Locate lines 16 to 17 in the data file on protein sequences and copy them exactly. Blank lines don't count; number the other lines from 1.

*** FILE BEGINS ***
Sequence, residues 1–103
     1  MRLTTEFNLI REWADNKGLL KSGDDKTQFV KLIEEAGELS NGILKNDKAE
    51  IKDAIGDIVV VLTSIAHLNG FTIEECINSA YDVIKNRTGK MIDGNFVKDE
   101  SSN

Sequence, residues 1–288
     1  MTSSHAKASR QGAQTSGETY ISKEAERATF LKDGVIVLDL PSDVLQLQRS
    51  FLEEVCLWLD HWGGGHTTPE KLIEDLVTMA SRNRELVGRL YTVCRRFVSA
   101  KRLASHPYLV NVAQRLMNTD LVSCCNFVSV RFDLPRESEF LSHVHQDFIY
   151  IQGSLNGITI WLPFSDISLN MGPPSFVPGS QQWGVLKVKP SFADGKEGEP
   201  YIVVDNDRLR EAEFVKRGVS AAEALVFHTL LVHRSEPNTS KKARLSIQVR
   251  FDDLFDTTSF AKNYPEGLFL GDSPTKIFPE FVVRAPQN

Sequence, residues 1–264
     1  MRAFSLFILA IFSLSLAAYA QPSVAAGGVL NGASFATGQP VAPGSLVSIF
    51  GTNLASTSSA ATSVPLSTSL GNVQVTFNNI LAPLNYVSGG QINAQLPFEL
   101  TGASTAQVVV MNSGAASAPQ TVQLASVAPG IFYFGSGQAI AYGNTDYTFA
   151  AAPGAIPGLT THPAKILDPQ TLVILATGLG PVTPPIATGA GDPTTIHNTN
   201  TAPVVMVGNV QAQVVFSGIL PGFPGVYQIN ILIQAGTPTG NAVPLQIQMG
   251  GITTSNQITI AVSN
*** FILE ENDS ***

   151  AAPGAIPGLT THPAKILDPQ TLVILATGLG PVTPPIATGA GDPTTIHNTN
   201  TAPVVMVGNV QAQVVFSGIL PGFPGVYQIN ILIQAGTPTG NAVPLQIQMG